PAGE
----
William Adams Richardson
William Adams Richardson (born November 2, 1821 in Tyngsborough , Middlesex County , Massachusetts , † October 19, 1896 in Washington, DC ) was an American lawyer , Republican politician and Treasury Secretary of the United States .
Studies and professional career
Richardson graduated from Harvard University with a law degree from 1843. After being admitted to the bar, he opened a law firm in Lowell in 1846 . As such, he was also the auditor and editor of the state statutes of Massachusetts, which he presented in 1855 and revised annually until 1873. In 1856 he was judge of the Probate Court ( Probate Court ) of Middlesex County. He was then from 1858 to 1869 judge at the probate and bankruptcy court.
From 1863 to 1875 he was a member of the supervisory board (Overseer) of his alma mater , Harvard University. He was also a professor at Georgetown University . In 1873 George Washington University awarded him an honorary doctorate in law ( LL.D. ). Between 1874 and 1896 he was also the author of a commentary on US Congress legislation .
Treasury Secretary under President Grant
At the request of Treasury Secretary George S. Boutwell , President Ulysses S. Grant appointed him Assistant Secretary of the Treasury in 1869 . After Boutwell's resignation, President Grant himself appointed him to his cabinet on March 17, 1873, as Treasury Secretary .
During his tenure there was an economic crisis in 1873, after which the money supply became scarce due to the increasing economic development. Richardson responded by issuing 26 million US dollars in bank notes to the demand for money to satisfy. The legality of this act was questionable, but there was no intervention by Congress. In the 40 years that followed, other finance ministers reacted again and again to economic crises. This ultimately formed a basis for the creation of the Federal Reserve System in 1913.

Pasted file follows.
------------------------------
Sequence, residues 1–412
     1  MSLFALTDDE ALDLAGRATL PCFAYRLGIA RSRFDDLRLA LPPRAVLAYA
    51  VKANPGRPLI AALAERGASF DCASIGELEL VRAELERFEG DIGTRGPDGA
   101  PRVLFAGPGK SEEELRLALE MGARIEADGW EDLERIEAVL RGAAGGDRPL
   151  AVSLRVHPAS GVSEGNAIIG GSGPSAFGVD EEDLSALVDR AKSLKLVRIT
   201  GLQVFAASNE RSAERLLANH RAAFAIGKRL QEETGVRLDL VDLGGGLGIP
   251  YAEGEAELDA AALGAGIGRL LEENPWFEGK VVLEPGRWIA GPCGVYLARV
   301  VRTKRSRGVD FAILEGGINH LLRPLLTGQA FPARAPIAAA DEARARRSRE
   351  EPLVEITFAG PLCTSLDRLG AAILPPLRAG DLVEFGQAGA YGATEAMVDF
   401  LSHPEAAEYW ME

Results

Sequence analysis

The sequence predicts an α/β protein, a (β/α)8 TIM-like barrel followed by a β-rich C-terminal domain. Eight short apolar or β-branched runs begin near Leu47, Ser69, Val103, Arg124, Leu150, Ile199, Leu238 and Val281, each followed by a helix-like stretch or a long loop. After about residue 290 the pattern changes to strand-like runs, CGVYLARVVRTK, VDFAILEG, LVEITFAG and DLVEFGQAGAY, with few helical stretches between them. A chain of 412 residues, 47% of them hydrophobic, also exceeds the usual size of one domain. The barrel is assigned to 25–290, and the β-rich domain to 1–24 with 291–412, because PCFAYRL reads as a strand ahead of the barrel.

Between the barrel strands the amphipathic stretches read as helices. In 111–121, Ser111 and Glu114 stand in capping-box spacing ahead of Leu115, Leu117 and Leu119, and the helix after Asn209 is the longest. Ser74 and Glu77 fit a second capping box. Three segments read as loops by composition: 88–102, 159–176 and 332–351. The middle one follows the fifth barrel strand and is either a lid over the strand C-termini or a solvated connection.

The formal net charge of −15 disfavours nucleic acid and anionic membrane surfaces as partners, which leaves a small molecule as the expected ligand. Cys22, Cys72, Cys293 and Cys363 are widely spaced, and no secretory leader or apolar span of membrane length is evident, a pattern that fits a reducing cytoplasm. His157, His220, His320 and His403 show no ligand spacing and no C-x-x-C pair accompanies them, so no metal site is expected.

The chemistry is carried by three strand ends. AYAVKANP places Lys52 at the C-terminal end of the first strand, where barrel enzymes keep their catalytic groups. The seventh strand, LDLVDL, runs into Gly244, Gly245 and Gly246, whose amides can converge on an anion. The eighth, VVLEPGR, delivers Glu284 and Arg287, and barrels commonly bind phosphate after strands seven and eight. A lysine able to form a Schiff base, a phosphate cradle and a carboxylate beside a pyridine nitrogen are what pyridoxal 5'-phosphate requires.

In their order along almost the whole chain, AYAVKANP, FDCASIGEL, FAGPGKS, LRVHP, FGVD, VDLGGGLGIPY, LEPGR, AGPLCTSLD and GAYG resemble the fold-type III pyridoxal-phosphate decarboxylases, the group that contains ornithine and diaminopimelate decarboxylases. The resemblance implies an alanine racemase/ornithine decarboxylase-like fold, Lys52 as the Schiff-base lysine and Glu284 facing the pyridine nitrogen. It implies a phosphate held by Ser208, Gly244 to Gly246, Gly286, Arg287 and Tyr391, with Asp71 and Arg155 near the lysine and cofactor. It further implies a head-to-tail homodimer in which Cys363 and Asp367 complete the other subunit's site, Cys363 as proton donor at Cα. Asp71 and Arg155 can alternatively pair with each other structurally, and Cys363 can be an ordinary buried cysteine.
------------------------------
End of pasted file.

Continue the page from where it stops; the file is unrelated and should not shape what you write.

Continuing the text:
However, he only held the office of finance minister until June 3, 1874, when he had to resign after the so-called Sanborn scandal. Richardson then hired a citizen named John D. Sanborn to collect tax debts. Sanborn kept half of the taxes collected, while he himself donated the greater part of the other half to the Republican Party's campaign fund. Benjamin H. Bristow was succeeded as Minister of Finance .
Rise to President of the US Court of Claims
Despite his inglorious departure as Treasury Secretary, he was appointed judge on the Court of Claims in 1874. In 1885 he was appointed president of this federal court , which deals with claims for damages against the government. He held this office until his death.
William Richardson was the nephew of Congressman William M. Richardson (1774-1838).
- The Banking Laws of Massachusetts . Lowell, 1855
- Supplement to the General Statutes of the Commonwealth of Massachusetts . Boston 1860-1882
- Practical Information concerning the Debt of the United States . Washington DC 1872
- National Banking Laws. 1872
- Supplement to the Revised Statutes of the United States . 1881
- History of the Court of Claims . 1882-1885
- Richardson, William Adams . In: James Grant Wilson, John Fiske (Eds.): Appletons' Cyclopædia of American Biography . tape 5 : Pickering - Sumter . D. Appleton and Company, New York 1888, p. 243 (English, full text [ Wikisource ]).
- William Adams Richardson in the database of Find a Grave (English)
- Biography and portrait on the US Treasury Department homepage
- William Adams Richardson in the Miller Center of Public Affairs of the University of Virginia (English)
- Frank Warren Hackett: A Sketch of the Life and Public Services of William Adams Richardson . 1898
|SURNAME||Richardson, William Adams|
|BRIEF DESCRIPTION||American lawyer and politician|
|DATE OF BIRTH||November 2, 1821|
|PLACE OF BIRTH||Tyngsborough , Massachusetts|
|DATE OF DEATH||October 19, 1896|
|Place of death||Washington, DC|